Sales Models for Consulting and Professional Services

 by Cindy Bush, RGBA Principal

With dramatically reduced and/or isolated demand for IT-related consulting services and an intensified emphasis on sales and incremental business generation, what are the prevalent sales models being implemented and what factors can increase greater success?    

There has been much debate about what is the appropriate way to sell consulting services and incrementally grow business. In reality, there is probably no right answer. Different company cultures, different people and organization models produce different results. Most companies have tried several approaches and probably none has it figured out completely. However, the importance of having a sales model that works may be the crucial determinant in a consulting services firm’s degree of success or failure, and especially so during tough times. This was illustrated recently in a comment made by one of our clients whose company exceeded its 2001 revenue and profit objectives and continues to do well in this challenging economy. We asked the President and COO of this mid-sized consulting and integration services firm,  “ In a time when most companies have sharply reduced or have put off buying services, to what do you attribute your company’s success?” He replied, “ A key factor undoubtedly has been the commitment we made to a sales model two years ago.”  

Prevalent Sales Model Examples 

There are a range of roles and working relationships in a sales model that will vary according to a company’s management background and organizational structure. Broadly, there is a Partner organization model or a Corporate Sales organization model and combinations of both.  

The Partner model is similar to that of a Big 5 in that senior executive status and promotion requires the combination of consulting delivery management experience as well as significant business development and revenue generation. The Partner is a “Rainmaker” who deals with “C’ level client executives and typically has P&L and overall delivery management responsibility. Positions below Partner include Principals, Practice Managers and various Senior Manager functions.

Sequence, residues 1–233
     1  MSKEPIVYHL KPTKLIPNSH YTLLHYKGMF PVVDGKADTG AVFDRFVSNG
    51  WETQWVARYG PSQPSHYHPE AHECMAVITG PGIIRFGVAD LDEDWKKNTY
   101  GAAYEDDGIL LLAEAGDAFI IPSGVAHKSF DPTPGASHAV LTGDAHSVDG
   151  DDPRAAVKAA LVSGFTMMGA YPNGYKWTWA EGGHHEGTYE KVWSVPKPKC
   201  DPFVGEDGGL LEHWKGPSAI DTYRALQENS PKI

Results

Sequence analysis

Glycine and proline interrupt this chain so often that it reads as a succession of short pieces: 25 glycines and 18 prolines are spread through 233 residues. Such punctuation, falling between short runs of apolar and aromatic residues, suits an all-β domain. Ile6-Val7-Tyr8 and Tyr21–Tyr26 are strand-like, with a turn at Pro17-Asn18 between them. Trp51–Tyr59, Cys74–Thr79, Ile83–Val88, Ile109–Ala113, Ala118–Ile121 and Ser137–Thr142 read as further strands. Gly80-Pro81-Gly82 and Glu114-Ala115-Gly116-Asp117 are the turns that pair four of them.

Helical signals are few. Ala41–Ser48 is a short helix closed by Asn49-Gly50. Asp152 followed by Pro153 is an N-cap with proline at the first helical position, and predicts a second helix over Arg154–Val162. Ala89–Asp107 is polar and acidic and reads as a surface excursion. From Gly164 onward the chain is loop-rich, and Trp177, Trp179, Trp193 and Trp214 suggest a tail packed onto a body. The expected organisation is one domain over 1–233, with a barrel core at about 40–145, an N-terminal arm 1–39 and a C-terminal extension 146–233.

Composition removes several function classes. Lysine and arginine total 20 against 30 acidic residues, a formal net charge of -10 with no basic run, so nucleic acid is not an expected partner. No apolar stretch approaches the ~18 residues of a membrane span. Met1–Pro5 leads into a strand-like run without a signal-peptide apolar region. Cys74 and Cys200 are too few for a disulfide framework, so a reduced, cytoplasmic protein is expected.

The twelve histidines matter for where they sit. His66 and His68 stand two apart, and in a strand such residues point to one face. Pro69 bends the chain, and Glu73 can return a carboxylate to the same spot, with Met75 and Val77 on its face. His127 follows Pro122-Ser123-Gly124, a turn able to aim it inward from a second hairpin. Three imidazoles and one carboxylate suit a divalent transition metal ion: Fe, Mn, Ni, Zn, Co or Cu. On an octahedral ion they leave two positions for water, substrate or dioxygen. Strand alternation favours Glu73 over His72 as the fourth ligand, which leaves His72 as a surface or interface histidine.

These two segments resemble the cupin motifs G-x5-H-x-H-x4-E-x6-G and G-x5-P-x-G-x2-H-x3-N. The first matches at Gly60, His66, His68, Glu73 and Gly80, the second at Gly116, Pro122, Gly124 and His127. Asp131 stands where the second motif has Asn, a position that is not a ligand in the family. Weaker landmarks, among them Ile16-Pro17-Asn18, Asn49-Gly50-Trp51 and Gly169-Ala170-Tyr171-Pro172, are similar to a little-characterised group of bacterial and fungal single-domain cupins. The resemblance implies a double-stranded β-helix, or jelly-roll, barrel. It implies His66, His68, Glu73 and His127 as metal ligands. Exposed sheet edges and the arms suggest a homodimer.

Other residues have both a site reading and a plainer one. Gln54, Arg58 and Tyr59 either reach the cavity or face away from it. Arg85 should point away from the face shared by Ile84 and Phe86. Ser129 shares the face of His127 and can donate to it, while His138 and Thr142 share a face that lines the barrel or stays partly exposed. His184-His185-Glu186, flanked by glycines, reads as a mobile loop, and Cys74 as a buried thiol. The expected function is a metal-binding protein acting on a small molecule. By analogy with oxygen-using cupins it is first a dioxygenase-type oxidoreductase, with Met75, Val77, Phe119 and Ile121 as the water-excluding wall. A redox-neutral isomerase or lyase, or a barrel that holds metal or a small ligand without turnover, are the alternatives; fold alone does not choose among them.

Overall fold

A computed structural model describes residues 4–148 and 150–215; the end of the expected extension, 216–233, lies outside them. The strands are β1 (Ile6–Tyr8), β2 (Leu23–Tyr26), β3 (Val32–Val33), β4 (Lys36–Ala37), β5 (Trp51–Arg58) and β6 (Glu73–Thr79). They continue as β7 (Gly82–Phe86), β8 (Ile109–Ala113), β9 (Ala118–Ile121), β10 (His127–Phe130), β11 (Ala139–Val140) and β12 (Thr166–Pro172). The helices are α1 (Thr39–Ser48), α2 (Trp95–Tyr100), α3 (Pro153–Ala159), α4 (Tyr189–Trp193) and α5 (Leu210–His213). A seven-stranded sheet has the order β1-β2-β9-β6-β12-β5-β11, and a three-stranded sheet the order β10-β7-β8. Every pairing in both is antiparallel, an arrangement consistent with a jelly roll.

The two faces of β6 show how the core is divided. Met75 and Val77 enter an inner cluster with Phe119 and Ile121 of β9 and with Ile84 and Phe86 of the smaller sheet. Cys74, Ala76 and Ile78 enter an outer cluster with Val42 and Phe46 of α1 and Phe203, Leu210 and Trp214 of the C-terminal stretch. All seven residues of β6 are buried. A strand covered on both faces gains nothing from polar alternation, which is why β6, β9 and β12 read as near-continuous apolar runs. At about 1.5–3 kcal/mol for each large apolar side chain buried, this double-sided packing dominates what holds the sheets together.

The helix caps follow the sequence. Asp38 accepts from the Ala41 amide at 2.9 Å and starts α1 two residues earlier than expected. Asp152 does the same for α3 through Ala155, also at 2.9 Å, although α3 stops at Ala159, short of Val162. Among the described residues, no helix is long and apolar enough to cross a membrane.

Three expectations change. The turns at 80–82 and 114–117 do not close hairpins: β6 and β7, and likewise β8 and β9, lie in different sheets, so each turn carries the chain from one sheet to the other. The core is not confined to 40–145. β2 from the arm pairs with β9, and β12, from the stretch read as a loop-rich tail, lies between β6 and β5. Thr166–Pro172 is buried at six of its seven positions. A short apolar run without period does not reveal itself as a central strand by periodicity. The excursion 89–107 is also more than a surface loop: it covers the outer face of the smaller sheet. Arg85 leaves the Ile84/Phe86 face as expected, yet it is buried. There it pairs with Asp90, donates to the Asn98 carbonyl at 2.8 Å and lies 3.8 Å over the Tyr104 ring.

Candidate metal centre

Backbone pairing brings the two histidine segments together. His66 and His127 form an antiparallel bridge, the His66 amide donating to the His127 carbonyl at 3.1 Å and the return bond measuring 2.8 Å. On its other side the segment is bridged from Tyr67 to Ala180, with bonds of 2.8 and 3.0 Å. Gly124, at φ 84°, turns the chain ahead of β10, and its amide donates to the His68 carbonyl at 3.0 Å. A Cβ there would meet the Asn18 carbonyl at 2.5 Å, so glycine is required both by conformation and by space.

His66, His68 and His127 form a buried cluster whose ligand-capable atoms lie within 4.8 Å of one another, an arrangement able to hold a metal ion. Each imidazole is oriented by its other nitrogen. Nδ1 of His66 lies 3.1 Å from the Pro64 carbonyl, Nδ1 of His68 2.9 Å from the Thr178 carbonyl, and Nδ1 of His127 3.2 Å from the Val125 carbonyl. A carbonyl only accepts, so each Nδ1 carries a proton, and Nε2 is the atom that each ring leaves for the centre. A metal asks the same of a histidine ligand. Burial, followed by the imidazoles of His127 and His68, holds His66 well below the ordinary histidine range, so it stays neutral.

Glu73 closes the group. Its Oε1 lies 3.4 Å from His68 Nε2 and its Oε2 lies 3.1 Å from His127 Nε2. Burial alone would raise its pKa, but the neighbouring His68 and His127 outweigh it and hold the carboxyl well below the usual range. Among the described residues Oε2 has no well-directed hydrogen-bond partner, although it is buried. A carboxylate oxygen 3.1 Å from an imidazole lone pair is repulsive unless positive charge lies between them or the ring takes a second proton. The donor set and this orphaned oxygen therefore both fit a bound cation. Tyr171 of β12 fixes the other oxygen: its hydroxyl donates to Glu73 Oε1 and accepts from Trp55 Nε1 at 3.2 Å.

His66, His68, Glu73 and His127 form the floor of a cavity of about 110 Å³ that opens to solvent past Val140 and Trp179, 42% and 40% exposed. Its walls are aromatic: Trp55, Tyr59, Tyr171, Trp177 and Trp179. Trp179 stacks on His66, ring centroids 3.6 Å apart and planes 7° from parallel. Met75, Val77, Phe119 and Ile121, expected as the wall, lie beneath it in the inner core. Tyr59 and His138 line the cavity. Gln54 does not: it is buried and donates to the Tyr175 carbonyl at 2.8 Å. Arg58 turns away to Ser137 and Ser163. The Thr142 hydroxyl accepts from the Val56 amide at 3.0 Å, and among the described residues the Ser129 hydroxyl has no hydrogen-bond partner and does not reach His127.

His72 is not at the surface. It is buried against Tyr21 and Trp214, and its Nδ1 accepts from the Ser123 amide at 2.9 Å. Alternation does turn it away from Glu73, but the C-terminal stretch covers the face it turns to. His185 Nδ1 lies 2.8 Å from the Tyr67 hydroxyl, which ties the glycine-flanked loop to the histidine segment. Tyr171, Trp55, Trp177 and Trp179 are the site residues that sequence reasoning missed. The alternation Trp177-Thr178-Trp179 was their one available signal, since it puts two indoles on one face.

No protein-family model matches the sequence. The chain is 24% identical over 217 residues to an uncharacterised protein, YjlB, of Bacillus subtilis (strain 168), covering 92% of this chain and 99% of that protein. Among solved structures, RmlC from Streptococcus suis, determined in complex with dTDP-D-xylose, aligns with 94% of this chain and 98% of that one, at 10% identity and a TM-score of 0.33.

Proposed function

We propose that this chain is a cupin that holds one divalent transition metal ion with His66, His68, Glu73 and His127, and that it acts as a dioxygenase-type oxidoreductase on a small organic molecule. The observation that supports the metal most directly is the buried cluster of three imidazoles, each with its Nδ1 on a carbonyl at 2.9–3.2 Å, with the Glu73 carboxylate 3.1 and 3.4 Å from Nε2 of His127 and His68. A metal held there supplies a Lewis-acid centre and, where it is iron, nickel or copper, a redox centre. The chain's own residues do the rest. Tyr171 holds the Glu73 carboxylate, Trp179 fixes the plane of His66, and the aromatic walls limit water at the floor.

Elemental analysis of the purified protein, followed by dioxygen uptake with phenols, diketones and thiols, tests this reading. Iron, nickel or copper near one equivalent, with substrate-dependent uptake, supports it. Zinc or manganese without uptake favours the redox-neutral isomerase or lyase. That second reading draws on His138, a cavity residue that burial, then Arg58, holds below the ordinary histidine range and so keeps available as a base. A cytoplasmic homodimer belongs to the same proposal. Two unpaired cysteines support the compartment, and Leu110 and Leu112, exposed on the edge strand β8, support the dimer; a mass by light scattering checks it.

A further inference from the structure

In the Corporate Sales model, career progression is to higher and/or broader levels of sales and sales management that typically does not include delivery or operations management and P&L.  Typical positions include Sales Representative, Business Development Manager or Account Executive, Sales Manager, Director, VP and SVP for geographies, major accounts, industries, or service lines.      

In combined models, a Partner may have sales “Hunters” (Account Executives, Business Development Managers, etc.) reporting to them who carry new business quota responsibility and/or account growth “Farmers” (Account Mangers, Engagement Managers) with client relationship and revenue responsibility. The Partner may also have Sales Directors or Business Development Principals who directly manage sales and handle sales plans and administration. The VP or Director in the combined Corporate model may have P&L and delivery executive direct reports. 

Neither sales model nor combination has been deemed most effective in producing sales results.  Other factors such as the following appear to matter more in the creation of a successful sales model.   

Success Factors 

High Value/High Impact Sales Philosophy 

The organization’s philosophy and attitude towards sales can have the most positive or negative influence on attainment of a high performance sales culture. The value of sales to an organization can be revealed in many ways. The following are common indicators: